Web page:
As a group, subjects with VM lesions were mildly impaired on the delayed response task and were borderline on the delayed nonmatching to sample task (Fig. 2). However, it was interesting to see that the performance on these tasks was not uniformly abnormal or borderline. In fact, the group could be subdivided into two subgroups, in which five of the VM subjects had impaired performance on both delay tasks, whereas four of the subjects had normal performance on both delay tasks.
In the four subjects with VM lesions and normal delay performance, the scores were indistinguishable from controls, and if anything, their scores were even better than normal controls (Fig.3). In the other five subjects (VM lesions and abnormal delay task performance), the degrees of impairment were similar on both delay tasks (Fig. 3). At the 60 sec delay, these subjects had significantly lower scores than normal controls (Mann–Whitney U tests revealed Z = −3.11;p < 0.01 for delayed response, and Z = −3.06; p < 0.01 for delayed nonmatching to sample). Because Figure 3 indicates that the degree of impairment increased as a function of the length of the delay, the results suggest that the impairment was related to memory.
In the DL/M group, three subjects with right hemisphere lesions showed abnormal performance on both delay tasks. One subject (with a lesion restricted to the inferior area of the dorsolateral sector on the right) showed selective impairment on the delayed nonmatching to sample but not on the delayed response task. The six subjects with left hemisphere lesions had normal performances on both delay tasks (Fig.2).
The degree of impairment on the delayed response task in the right DL/M subjects was less severe than that of the delayed nonmatching to sample because of the one subject who did not show a deficit on the delayed response task. At the 60 sec delay, these subjects achieved significantly lower scores than normal controls (Mann–WhitneyU tests revealed Z = −2.2;p < 0.05 for delayed response, and Z = −2.8; p < 0.05 for delayed nonmatching to sample). Because the figure indicates that the degree of impairment appeared to increase as the time of delay got longer, the results suggest a memory-related impairment. The finding of normal performance on the delayed response task and abnormal performance on the delayed nonmatching to sample task in the one subject whose lesion was restricted to the inferior sector of the dorsolateral sector is consistent with several previous studies (Goldman-Rakic, 1987, 1992;Wilson et al., 1993; Courtney et al., 1996).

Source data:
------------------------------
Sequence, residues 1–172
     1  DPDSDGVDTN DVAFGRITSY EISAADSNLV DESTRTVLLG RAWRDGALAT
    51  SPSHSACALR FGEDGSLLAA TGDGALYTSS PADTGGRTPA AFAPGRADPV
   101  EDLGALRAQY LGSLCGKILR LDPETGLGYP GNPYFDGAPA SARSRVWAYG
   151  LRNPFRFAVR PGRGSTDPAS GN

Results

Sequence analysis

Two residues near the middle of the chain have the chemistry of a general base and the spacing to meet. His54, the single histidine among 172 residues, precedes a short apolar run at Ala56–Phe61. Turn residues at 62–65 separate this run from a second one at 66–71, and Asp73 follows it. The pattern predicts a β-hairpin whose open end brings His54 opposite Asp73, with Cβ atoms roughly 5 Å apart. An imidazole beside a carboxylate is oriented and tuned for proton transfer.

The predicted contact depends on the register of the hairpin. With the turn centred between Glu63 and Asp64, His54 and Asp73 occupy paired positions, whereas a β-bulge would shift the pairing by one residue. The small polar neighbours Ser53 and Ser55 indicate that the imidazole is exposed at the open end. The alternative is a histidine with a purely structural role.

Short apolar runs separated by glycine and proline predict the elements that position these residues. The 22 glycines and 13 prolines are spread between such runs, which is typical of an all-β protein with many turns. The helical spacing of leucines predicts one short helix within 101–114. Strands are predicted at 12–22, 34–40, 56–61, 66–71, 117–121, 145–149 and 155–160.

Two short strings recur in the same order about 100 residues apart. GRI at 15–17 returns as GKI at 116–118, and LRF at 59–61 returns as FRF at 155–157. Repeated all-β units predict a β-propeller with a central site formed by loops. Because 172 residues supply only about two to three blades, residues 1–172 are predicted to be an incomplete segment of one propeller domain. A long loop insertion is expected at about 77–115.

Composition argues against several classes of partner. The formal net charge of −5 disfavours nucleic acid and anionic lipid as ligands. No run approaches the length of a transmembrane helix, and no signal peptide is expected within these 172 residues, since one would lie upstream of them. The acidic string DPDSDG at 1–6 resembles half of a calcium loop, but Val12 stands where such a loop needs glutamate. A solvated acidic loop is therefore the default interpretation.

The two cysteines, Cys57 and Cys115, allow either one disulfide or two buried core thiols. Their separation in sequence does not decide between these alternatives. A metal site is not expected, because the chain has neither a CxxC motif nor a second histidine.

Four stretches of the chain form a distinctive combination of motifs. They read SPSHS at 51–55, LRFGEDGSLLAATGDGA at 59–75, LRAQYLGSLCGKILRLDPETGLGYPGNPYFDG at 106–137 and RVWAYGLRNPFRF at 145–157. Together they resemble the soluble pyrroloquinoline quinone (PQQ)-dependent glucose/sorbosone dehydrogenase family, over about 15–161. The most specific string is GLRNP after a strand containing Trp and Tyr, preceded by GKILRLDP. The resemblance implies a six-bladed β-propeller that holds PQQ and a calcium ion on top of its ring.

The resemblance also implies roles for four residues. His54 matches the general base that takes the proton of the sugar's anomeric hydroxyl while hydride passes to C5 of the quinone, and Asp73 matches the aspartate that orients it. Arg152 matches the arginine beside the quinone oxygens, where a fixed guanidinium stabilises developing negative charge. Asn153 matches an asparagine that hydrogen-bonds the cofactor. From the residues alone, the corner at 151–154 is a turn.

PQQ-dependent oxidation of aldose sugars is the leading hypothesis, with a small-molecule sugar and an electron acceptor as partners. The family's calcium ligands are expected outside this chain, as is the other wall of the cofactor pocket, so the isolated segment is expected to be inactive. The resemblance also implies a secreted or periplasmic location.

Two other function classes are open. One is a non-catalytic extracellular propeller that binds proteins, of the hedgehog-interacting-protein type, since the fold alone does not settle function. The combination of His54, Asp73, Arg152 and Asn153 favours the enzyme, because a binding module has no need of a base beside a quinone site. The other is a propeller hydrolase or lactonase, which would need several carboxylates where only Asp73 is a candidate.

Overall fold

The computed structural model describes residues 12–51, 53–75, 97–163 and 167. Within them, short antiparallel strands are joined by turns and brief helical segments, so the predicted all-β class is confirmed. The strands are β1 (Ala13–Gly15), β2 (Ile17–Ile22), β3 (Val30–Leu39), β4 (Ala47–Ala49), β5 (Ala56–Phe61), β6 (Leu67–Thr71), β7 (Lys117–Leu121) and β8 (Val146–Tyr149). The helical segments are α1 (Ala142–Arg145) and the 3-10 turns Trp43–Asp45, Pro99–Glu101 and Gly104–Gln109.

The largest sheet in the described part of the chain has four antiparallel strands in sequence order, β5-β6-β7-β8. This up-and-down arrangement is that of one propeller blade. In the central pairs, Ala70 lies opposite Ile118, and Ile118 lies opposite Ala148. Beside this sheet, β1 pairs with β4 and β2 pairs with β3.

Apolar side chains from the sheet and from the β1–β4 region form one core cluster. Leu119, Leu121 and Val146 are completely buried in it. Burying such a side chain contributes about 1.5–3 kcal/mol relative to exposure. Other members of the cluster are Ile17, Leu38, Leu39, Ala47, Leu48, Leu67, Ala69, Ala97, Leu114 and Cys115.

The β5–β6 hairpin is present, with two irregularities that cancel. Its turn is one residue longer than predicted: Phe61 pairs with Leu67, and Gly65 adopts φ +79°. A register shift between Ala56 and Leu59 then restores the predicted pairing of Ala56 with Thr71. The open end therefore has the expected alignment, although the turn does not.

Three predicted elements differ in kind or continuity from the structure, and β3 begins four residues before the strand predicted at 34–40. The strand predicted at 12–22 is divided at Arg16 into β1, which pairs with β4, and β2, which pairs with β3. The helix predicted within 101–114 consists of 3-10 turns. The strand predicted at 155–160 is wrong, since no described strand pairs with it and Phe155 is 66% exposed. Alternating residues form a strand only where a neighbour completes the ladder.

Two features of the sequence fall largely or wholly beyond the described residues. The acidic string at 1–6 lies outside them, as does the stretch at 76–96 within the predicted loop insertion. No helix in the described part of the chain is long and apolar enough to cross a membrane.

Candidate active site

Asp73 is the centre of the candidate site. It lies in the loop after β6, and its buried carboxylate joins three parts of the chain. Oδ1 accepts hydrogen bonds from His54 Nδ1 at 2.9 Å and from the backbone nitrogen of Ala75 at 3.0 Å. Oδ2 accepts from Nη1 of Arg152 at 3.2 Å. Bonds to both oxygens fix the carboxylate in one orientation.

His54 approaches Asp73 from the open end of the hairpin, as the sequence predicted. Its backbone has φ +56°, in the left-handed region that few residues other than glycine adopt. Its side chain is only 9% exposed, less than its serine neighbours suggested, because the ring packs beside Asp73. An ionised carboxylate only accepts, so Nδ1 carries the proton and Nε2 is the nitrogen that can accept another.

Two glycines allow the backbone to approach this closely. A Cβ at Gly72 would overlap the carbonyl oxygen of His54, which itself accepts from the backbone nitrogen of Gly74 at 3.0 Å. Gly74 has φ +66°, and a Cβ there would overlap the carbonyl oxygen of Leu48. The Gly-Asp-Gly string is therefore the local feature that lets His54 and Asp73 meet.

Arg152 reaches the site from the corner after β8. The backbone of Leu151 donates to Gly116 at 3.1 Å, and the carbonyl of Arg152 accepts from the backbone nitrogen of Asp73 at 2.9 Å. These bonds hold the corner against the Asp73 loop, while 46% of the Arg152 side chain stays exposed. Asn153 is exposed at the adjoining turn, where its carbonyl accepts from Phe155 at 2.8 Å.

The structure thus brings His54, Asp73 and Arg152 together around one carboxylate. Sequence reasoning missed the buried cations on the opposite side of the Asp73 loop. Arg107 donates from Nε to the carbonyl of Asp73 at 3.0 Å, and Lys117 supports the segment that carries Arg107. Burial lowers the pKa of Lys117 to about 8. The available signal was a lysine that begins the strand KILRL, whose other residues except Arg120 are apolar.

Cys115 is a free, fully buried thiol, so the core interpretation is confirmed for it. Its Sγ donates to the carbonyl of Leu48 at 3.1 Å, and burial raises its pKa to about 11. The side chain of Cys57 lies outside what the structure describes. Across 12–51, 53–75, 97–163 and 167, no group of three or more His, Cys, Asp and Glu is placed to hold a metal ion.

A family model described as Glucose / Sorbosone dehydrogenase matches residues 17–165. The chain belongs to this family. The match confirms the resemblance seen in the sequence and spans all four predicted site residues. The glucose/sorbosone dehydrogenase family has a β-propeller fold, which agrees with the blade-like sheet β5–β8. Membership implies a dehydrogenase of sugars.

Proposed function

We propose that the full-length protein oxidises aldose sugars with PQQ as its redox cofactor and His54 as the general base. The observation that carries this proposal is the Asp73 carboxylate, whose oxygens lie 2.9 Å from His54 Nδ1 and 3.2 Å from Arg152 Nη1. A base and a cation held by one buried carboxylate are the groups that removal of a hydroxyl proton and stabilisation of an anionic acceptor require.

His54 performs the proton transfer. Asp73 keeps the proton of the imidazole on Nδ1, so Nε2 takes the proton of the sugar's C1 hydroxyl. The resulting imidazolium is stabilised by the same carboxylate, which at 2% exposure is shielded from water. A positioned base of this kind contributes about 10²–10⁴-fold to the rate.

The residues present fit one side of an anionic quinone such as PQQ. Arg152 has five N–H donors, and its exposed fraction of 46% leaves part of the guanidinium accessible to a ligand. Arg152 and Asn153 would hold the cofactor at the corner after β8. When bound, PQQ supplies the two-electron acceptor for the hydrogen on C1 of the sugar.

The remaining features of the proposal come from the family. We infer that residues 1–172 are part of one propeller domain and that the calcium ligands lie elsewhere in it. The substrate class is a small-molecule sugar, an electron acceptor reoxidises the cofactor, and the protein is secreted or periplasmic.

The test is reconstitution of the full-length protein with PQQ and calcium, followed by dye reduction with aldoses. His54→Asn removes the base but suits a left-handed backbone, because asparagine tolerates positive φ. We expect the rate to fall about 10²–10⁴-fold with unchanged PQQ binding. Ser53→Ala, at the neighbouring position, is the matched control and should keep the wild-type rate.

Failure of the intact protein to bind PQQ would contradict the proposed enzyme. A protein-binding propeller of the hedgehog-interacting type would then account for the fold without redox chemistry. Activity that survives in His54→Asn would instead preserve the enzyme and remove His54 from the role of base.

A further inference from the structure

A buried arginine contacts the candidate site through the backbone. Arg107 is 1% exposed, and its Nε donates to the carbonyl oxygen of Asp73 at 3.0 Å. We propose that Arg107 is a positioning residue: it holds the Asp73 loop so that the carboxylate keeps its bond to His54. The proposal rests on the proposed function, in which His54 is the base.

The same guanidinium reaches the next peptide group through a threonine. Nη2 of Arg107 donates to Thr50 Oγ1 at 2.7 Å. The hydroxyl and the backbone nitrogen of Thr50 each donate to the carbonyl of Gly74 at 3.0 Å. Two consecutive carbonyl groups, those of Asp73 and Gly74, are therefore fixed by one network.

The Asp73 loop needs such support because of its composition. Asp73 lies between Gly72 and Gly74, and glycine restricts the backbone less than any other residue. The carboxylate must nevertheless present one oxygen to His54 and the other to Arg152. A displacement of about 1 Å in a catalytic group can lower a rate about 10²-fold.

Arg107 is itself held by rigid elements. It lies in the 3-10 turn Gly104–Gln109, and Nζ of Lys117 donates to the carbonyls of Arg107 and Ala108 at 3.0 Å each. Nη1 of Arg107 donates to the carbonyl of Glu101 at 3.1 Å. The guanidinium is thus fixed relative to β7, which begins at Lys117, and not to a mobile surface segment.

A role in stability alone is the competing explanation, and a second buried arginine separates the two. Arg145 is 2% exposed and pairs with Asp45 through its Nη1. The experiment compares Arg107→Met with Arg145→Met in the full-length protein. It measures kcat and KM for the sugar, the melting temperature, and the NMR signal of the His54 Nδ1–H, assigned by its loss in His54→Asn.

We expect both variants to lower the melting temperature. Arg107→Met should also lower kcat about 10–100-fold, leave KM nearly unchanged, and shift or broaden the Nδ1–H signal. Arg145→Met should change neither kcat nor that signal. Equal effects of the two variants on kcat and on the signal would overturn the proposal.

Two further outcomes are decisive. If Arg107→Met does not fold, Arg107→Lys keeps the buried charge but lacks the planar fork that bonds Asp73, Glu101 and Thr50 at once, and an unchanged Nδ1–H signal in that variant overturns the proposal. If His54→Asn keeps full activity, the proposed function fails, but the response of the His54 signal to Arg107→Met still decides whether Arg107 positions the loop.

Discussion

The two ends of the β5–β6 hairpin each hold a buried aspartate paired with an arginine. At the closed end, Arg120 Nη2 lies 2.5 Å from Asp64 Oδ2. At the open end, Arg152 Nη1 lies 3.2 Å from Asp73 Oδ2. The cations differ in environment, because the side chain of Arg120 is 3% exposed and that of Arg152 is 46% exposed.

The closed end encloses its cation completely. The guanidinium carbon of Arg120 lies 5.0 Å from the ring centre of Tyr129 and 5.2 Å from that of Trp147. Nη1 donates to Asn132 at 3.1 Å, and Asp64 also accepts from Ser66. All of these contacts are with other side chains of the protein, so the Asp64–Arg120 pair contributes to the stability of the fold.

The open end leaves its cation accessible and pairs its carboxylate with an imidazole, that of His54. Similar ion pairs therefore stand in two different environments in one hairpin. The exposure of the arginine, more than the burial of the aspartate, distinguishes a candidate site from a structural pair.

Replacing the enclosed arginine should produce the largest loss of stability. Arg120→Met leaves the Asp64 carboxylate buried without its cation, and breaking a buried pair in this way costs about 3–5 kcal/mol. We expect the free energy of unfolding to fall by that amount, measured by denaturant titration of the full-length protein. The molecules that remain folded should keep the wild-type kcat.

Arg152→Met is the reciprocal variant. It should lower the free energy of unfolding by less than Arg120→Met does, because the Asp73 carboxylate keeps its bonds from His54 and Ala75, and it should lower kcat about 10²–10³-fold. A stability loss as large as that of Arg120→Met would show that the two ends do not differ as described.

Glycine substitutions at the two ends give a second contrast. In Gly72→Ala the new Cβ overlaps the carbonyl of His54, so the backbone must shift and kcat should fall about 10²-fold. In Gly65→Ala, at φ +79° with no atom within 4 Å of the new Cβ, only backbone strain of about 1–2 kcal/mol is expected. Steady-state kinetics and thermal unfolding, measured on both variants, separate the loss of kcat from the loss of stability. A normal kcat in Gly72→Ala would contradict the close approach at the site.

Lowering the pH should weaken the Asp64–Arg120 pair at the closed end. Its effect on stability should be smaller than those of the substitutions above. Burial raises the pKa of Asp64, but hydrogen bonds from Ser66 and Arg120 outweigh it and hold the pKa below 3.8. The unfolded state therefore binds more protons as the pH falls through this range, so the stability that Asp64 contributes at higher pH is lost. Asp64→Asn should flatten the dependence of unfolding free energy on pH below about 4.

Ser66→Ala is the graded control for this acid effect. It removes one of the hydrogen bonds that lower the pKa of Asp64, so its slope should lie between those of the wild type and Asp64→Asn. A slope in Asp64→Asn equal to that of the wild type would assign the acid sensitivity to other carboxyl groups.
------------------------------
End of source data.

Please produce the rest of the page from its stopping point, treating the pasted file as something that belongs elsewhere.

The left DL/M subjects appeared to have lower scores than normals at the 30 and 60 sec delays, but these differences were not statistically significant.
Further anatomical investigation of the VM subjects
Because of our finding of a split in the delay task performance in the VM group, five subjects with abnormal delay task performance and four subjects with normal performance, we decided to analyze these two subgroups separately: group 1, those with both abnormal gambling task performance and abnormal delay task performance; andgroup 2, those with abnormal gambling task performance but normal delay task performance (Fig. 3).
This split in performance of VM subjects on the delay tasks but not on the gambling task was intriguing. We suspected an anatomical reason underlying this separation. Therefore, we looked at the overlap of lesions in these two groups separately. In group 1 (abnormal gambling and abnormal delay), all subjects had lesions that extended posteriorly, possibly involving the basal forebrain region. However, in group 2 (abnormal gambling and normal delay), the lesions were more anterior and probably did not involve the basal forebrain region (Fig.4). We purposefully state that the lesions “probably” involved (or did not involve) the basal forebrain region; because of the nature of many of these lesions, their surgical treatment (clipping of ruptured aneurysms), and the unavoidable artifact they induce, a clear-cut decision of “yes” or “no” involvement is not possible.